All the consequences of inaction are bad. Even the causes of limited action ain't so good. Hell, complete action still means people will die.

    And it's not like we could live on oil forever. The well will run dry (much sooner than most people believe) or be so expensive it doesn't matter. Things will have to be done. Question is do we want to take steps now so the effect of change (and effect of our past blind consumerism) is minimized and least expensive or do we want to wait until we've gone too far to correct things and where the cost will crush us all?

    Why is this a tough question?

    Shakespeare, you may be right on that topic of responsibility. I think that's a piss poor excuse. If we made a mess, we should clean it up, not leave it for our children and granchildren (as well as a number of nations that have contributed little but will bear the brunt of the pain).

  • Relax Max
     

    I am hesitant to speak to the issue of Global Warming since the scientists have it all figured out, but I believe God has a plan for planet Earth, and that plan is unfolding as it should. None of us should worry. Stephanie, please try to have more faith in He who created us all. Ummm... and the Right are all fascist pigs and false prophets whose only aim is to pervert the purity of the Liberal Truth; they are America-haters every one who just don't seem to get it like the uber-educated enlightened Left gets it.

    I'm sorry this comment is a little late, but I had to send it to the Southern Baptist Conference for a peer review.

  • Stephanie B
     

    Relax Max, this was directed to scientists who bemoan the those who use religion in lieu of science for hypocrisy. I didn't intend it to point the finger at you.

    Scientific hypocrisy is not less nauseating that religious hypocrisy (or more so) - but the latter deserves a soapbox of its own and wasn't intended to be included on this one, other than to point out the similarities.

  • Tim
     

    I believe global warming exists.
    But...
    Recently some scientist was found to have 'apparently' modified some of the data to show an overal increase in temps of 1.5 degrees or so in Australia over a period of many years. Without modification, 'apparently', the data would have shown an overall DECREASE in temps. I say apparently because I have no real way of making any sort of decision based on the information I have seen. You are right, how is a construction worker like me supposed to be able to interpret data. Especially if it is subjectively modified, from my point of view, to fit their needs. How much of the data has been modified, and does it make any difference to commoners like me?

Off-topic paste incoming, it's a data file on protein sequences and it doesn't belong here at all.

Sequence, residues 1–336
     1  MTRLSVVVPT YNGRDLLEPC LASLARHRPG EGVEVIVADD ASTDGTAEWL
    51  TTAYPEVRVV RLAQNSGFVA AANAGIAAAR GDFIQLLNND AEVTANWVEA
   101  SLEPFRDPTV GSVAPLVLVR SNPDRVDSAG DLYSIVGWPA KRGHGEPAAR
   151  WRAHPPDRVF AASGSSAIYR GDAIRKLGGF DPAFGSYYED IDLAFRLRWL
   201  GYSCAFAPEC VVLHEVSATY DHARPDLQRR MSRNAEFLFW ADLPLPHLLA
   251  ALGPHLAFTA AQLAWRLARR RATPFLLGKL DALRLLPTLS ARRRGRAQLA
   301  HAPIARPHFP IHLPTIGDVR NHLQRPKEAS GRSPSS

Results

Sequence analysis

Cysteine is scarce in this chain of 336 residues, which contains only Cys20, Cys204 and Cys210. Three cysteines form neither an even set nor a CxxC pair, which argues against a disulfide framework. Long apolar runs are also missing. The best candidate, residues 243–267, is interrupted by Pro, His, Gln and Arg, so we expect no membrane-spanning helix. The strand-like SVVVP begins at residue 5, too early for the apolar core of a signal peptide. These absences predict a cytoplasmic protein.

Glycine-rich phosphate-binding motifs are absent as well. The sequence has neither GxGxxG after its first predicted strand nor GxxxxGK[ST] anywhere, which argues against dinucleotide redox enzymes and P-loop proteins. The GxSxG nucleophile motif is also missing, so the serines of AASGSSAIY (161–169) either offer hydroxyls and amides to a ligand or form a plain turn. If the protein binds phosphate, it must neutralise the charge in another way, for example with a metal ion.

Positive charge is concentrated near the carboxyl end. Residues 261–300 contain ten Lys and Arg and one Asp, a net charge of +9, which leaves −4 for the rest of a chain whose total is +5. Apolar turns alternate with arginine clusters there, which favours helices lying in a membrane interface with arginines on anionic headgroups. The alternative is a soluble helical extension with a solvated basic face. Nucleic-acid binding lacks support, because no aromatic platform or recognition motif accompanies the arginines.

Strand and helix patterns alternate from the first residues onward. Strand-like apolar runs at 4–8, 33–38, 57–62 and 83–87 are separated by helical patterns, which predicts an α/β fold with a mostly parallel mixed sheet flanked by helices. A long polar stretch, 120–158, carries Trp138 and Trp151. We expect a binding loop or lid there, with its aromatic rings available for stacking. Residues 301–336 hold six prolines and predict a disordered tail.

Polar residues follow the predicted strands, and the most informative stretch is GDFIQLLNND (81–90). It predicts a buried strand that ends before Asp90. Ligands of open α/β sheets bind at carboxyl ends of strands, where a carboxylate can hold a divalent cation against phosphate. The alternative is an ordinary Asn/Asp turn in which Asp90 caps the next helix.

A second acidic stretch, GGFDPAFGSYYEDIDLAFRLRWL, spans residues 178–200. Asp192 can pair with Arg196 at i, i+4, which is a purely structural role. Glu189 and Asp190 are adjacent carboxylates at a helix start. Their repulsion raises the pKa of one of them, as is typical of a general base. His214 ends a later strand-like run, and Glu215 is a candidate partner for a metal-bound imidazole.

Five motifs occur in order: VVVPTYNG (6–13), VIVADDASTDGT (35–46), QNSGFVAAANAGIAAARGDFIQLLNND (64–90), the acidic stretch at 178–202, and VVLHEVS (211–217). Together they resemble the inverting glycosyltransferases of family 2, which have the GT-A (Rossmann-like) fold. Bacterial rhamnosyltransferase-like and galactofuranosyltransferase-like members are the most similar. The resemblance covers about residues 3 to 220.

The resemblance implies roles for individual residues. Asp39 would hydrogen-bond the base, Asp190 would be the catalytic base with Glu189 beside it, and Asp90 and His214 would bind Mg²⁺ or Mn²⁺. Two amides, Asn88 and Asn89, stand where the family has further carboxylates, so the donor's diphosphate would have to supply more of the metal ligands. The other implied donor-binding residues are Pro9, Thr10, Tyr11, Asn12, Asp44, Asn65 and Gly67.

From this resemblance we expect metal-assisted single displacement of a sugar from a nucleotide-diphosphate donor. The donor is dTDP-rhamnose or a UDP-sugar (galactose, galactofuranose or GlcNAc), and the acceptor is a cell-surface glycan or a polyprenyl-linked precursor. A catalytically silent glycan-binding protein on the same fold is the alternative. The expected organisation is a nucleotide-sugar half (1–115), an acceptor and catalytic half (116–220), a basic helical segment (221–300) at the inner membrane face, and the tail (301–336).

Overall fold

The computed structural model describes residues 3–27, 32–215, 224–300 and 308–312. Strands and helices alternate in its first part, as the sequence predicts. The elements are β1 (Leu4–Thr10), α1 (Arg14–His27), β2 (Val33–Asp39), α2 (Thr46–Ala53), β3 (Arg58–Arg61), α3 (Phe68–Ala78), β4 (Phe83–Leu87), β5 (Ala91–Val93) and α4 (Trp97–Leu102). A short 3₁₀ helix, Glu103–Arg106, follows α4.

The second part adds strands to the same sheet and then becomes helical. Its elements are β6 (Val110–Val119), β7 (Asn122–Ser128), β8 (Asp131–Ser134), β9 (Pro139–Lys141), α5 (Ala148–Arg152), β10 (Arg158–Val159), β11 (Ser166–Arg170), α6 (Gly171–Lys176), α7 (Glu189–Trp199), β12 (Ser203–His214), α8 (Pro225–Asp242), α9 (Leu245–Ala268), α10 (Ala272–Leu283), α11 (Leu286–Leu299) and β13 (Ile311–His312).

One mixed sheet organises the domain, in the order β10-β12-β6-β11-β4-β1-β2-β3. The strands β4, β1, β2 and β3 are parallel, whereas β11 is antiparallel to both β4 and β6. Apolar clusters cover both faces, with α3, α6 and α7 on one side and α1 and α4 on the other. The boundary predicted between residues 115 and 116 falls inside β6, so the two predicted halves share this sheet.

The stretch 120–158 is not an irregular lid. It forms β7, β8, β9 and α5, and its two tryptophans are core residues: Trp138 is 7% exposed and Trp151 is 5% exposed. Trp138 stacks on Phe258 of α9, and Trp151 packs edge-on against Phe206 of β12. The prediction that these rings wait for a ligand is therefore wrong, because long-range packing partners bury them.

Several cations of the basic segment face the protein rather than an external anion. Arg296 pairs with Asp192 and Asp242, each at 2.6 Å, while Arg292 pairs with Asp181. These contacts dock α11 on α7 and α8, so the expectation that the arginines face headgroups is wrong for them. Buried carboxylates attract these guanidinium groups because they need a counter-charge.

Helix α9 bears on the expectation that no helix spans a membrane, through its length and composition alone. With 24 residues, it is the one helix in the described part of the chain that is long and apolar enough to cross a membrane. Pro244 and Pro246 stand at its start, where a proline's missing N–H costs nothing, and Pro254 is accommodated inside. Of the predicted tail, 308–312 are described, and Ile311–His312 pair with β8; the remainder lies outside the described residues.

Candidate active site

• Stephanie B
     

    A single lab, looking at years and thousands of email has the term "modified" in there. Do you know why? Neither do I.

    There are a number of reasons to modify things when working with models, including adjusting the models to fit with actual data (since that's what models are for).

    Now, if it turns out that these scientists (or a subset of these scientists) falsified data, throw the book at them. And scientists will head that mob that does that. Unlike politics or politically commentary, promoting false information in science is suicide and will get you discredited overnight. As it should be.

    But, that actual falsification has occured has yet to be demonstrated and, as I said, I can think of any number of legitimate activities that are in keeping legitimate modeling that would not be a concern to laymen in any way that fit with the terminology used. Admittedly, it wasn't the best terminology to use in the email but I doubt they were thinking about their email back and forths being read by outsiders. (Do take a moment and think back over all the emails you might have used at work and think if there are any EVER you might not want someone to read). But I don't know which this is. It's being investigated.

    However, even if they did do something they shouldn't have at this lab, there are many other labs that have independently reached the same conclusions. I don't think it changes anything.